Mark Weinstein - O Nosso Amor
It is an immense pleasure and relief even to at last be able to complete a review, begun in 2005, of Mark Weinstein's O Nosso Amor, after having played a preview into dust alongside the previous release, Algo Mas, for so long. O Nosso Amor was released in 2006 on Jazzheads and made No. 1 in radio play nationwide in the US and "Best Brazilian Jazz Record".
O Nosso Amor could, in many respects, almost be called Mark Weinstein's Brazilian Algo Mas, in that it is very nearly as revolutionary in terms of Brazilian music as Algo Mas is in terms of Cuban. So, if perhaps you're looking for some sort of re-hash of for example one of Herbie Mann's early bossa albums with João Gilberto and Antonio Carlos Jobim (Herbie Mann & João Gilberto with Antonio Carlos Jobim, if memory serves - I really wouldn't like to dig through my collection to make sure), you're going to be in for a very big surprise. O Nosso Amor does not limit itself to bossa nova alone, although of course with a title that is a song by Jobim from the soundtrack of Black Orpheus, it is not surprising that the album contains two further pieces by the master himself. Rather, it presents a veritable smorgasbord of Brazilian musical styles in addition to bossa, such as samba, choro, frevo, capoeira, and batucada. Mark Weinstein builds on his earlier recordings with Romero Lubambo and Cyro Baptista on Jazz World Trios and his 2003 album of the music of Hermeto Pascoal, Tudo de Bom, and goes beyond, using his jazz flute as it has not been heard before in Brazilian jazz, creating a portal into the exceedingly rich and complex world of Brazilian music.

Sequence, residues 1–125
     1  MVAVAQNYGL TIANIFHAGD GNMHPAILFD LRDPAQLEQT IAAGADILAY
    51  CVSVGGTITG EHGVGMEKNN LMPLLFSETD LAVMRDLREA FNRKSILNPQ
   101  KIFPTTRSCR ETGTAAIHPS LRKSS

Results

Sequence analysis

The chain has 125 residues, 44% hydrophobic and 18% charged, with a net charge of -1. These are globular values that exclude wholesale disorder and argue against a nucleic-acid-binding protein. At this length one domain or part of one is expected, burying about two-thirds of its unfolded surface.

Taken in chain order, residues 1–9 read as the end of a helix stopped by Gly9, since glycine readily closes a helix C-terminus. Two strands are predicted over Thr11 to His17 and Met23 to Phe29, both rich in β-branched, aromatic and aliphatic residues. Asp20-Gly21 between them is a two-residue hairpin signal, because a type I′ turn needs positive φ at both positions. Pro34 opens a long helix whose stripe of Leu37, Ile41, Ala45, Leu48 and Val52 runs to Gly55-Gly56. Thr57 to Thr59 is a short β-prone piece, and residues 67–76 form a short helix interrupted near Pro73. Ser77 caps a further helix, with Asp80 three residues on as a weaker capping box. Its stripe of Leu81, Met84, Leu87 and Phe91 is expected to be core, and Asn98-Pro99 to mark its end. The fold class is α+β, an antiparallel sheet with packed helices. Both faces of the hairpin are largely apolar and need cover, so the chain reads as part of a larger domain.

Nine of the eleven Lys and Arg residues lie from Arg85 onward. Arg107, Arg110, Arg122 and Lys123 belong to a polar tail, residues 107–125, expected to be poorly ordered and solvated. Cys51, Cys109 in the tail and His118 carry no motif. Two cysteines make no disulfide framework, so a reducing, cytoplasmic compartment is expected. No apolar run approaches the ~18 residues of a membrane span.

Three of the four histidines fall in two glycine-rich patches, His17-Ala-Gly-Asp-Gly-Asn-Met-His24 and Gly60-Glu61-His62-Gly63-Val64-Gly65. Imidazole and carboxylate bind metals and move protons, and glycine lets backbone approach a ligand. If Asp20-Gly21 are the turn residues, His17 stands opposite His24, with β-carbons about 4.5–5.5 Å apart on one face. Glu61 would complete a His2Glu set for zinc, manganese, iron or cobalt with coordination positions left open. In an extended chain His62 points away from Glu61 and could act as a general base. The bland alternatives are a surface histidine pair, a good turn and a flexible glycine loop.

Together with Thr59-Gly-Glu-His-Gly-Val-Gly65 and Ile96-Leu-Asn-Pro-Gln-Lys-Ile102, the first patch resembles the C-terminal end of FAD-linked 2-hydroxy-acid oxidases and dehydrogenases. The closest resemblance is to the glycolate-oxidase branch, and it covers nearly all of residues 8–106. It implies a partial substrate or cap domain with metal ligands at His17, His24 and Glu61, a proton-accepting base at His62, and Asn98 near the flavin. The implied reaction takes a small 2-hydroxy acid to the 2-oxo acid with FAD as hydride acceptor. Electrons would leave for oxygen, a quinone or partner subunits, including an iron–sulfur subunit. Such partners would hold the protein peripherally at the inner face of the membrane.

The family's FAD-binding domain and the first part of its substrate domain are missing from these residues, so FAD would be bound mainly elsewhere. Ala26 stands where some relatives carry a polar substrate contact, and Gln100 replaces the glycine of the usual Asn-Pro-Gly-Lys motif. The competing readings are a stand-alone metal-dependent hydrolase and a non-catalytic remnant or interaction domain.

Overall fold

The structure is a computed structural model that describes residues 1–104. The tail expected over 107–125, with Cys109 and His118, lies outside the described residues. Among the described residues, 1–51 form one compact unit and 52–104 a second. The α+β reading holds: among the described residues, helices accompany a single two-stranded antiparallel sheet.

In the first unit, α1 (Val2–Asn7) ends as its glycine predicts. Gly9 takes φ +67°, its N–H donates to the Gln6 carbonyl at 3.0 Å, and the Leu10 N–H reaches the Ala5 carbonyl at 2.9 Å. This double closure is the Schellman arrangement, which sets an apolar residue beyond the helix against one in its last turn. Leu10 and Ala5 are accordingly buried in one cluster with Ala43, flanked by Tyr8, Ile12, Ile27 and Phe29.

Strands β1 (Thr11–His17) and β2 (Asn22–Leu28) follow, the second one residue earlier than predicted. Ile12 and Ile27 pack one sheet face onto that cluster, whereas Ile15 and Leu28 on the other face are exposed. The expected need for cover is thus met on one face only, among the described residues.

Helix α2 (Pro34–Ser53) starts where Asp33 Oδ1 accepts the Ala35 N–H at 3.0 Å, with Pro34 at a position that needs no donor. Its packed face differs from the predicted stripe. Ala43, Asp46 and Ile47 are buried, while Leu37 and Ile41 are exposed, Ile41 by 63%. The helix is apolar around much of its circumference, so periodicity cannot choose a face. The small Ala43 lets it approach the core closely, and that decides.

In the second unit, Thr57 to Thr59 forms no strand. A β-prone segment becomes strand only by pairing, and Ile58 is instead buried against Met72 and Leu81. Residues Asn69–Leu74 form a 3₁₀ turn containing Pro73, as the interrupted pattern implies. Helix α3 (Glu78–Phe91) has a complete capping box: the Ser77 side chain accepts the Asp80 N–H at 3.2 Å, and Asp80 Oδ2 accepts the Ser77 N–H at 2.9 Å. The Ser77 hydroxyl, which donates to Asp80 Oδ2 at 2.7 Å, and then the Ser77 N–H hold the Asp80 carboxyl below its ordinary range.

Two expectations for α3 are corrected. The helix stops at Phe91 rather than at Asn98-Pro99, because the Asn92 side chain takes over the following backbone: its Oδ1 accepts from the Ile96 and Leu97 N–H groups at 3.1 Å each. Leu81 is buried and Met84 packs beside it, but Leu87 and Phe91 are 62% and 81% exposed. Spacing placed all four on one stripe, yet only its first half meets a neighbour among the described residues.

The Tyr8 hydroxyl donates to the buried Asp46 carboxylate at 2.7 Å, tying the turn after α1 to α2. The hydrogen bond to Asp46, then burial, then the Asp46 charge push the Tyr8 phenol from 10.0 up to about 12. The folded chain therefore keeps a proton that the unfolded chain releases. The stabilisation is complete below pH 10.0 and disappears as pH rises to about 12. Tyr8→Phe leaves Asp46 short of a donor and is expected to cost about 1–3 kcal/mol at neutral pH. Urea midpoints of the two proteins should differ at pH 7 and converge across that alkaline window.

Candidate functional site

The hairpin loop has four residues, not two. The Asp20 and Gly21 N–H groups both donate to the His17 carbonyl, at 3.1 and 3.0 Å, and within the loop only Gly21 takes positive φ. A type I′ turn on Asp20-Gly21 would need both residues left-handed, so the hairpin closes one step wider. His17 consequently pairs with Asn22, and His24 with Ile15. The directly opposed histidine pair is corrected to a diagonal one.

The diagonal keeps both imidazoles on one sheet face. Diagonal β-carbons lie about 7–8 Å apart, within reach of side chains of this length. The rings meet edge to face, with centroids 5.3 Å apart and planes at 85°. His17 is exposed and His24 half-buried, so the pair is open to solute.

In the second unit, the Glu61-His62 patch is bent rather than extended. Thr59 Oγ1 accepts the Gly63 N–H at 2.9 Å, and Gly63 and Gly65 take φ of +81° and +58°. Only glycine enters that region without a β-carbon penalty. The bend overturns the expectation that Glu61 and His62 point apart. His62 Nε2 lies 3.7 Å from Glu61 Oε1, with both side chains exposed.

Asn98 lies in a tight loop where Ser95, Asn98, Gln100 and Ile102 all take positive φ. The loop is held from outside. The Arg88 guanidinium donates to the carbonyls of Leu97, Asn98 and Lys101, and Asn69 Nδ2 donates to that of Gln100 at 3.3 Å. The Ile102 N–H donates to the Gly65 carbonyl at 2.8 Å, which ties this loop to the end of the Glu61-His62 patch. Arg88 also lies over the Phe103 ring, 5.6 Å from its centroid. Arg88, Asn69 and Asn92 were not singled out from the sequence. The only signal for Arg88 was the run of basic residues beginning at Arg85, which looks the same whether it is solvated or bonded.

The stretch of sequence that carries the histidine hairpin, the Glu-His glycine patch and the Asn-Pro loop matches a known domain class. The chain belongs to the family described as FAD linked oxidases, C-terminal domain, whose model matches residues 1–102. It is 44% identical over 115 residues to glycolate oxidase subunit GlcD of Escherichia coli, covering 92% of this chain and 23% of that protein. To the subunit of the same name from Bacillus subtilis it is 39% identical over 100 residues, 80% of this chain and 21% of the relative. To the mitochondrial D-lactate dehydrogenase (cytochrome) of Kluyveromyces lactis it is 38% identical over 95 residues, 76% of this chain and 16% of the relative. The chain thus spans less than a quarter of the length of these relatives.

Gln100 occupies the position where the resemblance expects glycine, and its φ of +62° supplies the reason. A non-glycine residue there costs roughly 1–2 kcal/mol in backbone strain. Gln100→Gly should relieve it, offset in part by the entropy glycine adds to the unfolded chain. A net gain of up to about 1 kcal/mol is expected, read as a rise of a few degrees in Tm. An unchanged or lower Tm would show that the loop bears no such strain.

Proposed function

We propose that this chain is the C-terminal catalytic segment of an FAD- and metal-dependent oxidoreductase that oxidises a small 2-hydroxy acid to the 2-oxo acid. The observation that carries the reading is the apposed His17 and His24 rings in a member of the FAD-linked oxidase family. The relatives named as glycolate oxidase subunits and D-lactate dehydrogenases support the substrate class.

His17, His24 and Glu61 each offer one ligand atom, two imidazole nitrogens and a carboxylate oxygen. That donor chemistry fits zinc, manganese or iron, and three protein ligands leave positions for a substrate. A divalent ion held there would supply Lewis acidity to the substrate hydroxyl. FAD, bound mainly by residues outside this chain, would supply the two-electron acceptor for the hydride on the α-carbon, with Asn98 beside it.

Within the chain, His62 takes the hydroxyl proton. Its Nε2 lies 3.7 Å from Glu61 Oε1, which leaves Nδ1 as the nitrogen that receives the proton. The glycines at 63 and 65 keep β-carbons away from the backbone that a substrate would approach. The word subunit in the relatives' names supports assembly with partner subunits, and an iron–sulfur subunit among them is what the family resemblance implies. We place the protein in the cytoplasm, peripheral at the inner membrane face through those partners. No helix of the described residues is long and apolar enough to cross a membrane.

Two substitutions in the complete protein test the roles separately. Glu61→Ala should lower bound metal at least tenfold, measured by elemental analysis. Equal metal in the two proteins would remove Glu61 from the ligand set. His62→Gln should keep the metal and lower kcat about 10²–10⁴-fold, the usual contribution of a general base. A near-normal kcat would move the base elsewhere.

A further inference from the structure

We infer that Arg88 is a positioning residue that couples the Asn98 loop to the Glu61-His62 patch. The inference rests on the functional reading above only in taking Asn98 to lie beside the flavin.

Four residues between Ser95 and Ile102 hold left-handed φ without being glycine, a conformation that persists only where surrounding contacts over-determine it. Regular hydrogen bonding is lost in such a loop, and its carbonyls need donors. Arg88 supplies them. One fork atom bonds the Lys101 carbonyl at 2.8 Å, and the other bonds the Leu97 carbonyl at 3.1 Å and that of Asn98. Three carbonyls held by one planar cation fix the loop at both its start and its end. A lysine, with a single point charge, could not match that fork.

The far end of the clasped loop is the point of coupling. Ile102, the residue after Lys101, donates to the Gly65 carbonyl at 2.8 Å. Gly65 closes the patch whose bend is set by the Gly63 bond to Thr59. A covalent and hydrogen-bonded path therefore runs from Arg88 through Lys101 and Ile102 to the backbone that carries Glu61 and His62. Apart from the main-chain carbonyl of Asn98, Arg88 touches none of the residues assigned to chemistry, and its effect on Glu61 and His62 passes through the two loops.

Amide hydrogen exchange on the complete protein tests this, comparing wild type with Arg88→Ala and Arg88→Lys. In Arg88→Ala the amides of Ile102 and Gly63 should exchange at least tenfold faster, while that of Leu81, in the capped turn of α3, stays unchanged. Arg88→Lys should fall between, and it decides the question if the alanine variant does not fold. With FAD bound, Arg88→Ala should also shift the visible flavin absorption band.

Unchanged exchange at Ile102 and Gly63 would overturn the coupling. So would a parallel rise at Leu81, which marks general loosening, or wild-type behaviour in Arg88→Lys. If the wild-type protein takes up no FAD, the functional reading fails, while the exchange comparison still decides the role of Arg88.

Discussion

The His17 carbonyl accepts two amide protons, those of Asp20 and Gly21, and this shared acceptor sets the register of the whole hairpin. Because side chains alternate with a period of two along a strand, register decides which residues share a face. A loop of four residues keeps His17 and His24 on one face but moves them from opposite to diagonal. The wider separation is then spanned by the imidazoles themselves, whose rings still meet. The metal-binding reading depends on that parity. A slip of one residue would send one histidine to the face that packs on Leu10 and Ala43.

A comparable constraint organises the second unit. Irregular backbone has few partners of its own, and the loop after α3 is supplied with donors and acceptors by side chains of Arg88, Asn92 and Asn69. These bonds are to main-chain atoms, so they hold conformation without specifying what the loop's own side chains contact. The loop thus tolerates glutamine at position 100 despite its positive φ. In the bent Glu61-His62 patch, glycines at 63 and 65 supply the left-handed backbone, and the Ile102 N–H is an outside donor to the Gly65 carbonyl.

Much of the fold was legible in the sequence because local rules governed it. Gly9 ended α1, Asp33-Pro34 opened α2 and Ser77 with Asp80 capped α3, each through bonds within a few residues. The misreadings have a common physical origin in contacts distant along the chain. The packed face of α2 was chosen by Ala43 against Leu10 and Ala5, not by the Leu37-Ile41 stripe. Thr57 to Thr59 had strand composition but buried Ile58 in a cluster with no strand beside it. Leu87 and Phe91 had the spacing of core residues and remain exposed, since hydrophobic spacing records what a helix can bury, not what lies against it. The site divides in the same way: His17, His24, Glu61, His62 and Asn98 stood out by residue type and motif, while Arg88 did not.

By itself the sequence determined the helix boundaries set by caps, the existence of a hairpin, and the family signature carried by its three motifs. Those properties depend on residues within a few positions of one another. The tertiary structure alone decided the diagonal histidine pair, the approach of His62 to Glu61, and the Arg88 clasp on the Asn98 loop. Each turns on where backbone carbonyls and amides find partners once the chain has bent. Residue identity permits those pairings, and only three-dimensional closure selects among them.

Mark Weinstein picked the finest team of Brazilian musicians to be found anywhere for O Nosso Amor. Nilson Matta, bass, and Paulo Braga, drums, will already be familiar from Tudo de Bom, while Romero Lubambo, classical guitar, played on two tracks of Jazz World Trios. Together with percussionists Guilherme Franco and Jorge Silva, this makes for a completely amazing line-up.
The music on O Nosso Amor comprises eight Brazilian classics and four originals, one each by Weinstein, Matta, Lubambo and Franco.